9. If you remember something you did after you leave the confessional, that sin is still forgiven PROVIDED you confess it at your next confession.

10. Remember to thank Father for hearing your confession and to assure him that he will be remembered in your prayers. Priests need prayers as much as, if not more than, everyone else.

Friday, October 30, 2009

Praying for Priests

I am passing this along at the request of Father Z as posted on his blog What Does the Prayer Really Say? Father asked if we could make a special effort on All Souls Day to remember to pray for the souls of deceased priests. This being the Year of the Priest, it would be especially significant to pray not only for those priests who are living but also for those who have departed from us. May their souls, and all the souls of the faithful departed, rest in peace, Amen.

Thursday, October 29, 2009

Deliver Us From Evil

There was a time when the Halloween season had me very cautiously flipping channels. I never knew when one of the cable movie stations would be airing "The Exorcist" and I didn't want the horrible images of a possessed young girl rattling around in my head. Now that I am older and more wiser in my spiritual life, this movie is of little consequence to me. The whole subject of demonic possession is fascinating but one that should be approached with extreme care and caution. Truly, the only thing we need to know is that evil does exist in our world and the best way to overcome it is to engage in a life of prayer, especially through devotion to Mary.

Some folks get a thrill out of being scared out of their wits. Read enough about exorcisms and it's hard not to be both curious and afraid. But it's important to remember that there are people in this world who do not even believe in the devil yet do his dirty work for him every day by living a life of grave sin. Possession of one's soul holds a much worse fate, one of eternal damnation, than does physical possession. Again, the best way to overcome vice is through prayer, especially the Rosary.

The chief Vatican exorcist, Father Gabriel Amorth, once said that every Hail Mary is like a hammer blow to the devil's head. Lay people should never, ever attempt to engage the devil in any way and only a priest who has the permission of his bishop can attempt an exorcism. However, praying the Rosary is something all of us can and should do every day. St. Michael is also a most powerful advocate in our battle against evil. In fact, a well-known exorcism took place in Philadelphia many years ago and what finally exorcised the demon was placing a blessed statue of St. Michael by the possessed boy's bedside.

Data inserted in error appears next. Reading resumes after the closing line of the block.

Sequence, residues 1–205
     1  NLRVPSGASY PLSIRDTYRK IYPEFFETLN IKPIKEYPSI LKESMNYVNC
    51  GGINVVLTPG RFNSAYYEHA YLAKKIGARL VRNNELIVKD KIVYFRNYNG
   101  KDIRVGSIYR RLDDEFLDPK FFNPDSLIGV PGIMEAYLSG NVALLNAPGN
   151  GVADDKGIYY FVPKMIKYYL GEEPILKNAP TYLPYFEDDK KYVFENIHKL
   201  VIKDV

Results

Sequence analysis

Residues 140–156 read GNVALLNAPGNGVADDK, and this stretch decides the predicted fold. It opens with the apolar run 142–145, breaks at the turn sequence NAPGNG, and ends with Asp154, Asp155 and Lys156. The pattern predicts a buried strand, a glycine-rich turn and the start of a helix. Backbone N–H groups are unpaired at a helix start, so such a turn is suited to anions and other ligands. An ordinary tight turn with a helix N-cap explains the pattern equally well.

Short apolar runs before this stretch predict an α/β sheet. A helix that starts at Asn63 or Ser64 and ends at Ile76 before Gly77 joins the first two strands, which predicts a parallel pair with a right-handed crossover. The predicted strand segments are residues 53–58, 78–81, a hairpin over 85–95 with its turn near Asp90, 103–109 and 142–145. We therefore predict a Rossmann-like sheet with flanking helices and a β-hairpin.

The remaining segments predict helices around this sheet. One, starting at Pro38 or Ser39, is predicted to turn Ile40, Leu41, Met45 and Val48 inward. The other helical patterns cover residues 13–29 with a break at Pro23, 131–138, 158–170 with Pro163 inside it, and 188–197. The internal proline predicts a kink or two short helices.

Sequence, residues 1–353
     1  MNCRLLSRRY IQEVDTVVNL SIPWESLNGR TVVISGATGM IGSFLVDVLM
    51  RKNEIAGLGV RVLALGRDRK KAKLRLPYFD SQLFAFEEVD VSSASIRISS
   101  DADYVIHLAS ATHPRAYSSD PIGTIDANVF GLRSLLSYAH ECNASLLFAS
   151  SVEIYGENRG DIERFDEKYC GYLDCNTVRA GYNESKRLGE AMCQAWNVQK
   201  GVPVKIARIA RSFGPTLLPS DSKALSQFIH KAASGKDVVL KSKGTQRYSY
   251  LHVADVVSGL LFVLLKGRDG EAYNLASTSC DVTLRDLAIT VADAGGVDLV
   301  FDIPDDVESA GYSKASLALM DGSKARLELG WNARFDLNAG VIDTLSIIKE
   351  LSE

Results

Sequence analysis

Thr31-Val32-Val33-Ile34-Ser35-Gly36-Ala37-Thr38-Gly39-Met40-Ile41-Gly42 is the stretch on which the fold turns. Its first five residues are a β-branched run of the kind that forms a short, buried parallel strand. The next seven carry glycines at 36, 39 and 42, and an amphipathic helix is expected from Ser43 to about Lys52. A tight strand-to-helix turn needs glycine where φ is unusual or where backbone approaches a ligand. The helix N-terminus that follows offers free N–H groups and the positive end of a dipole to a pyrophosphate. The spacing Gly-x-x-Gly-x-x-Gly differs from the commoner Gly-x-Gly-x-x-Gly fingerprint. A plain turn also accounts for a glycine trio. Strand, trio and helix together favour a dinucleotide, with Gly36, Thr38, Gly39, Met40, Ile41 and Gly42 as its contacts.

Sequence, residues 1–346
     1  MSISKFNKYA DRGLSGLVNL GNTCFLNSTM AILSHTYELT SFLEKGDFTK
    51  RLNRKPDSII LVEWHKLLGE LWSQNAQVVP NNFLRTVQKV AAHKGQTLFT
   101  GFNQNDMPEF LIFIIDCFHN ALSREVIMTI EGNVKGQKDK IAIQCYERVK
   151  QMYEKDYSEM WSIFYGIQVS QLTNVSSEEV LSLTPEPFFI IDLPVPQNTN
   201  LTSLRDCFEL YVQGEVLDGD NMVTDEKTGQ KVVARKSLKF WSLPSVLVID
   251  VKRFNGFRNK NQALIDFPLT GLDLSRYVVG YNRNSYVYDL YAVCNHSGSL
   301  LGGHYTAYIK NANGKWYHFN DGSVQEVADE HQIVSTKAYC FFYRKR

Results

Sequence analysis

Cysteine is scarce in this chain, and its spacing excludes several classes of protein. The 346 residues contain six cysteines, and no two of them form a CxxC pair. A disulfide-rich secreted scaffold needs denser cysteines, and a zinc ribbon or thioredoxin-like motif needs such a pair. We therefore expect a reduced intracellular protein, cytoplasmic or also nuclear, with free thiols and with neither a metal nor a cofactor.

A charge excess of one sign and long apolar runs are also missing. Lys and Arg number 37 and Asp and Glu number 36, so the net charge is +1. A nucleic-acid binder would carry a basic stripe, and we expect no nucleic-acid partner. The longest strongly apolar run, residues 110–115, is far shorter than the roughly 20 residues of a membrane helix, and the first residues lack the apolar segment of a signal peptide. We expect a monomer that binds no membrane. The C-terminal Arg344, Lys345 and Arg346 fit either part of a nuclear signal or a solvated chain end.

So, as fascinating as this subject is, it's best to occupy one's mind with holy thoughts, such as prayer, spiritual reading and especially reading about the lives of the saints. One other caution. At this time of year in our city, it's commonplace to see guides dressed in colonial garb leading tourists on a "ghostwalk" through historic cemeteries. Of course the hope is to actually encounter a ghost. Well, be careful what you wish for, because you may get it and when you appropriate something that doesn't belong to you, you go down a dangerous path. You don't know what you might awaken and what spiritual harm it may bring to you. Evil needs your cooperation. Don't offer it a portal into your body or soul by engaging in seances, palm readings, Ouiji boards and other activities that are in direct contradiction to our faith.

Thanks to Father Z and his blog for inspiring me to write about this.

Wednesday, October 28, 2009

Family Holy Hour Sunday Nov. 1st at St. Monica's Church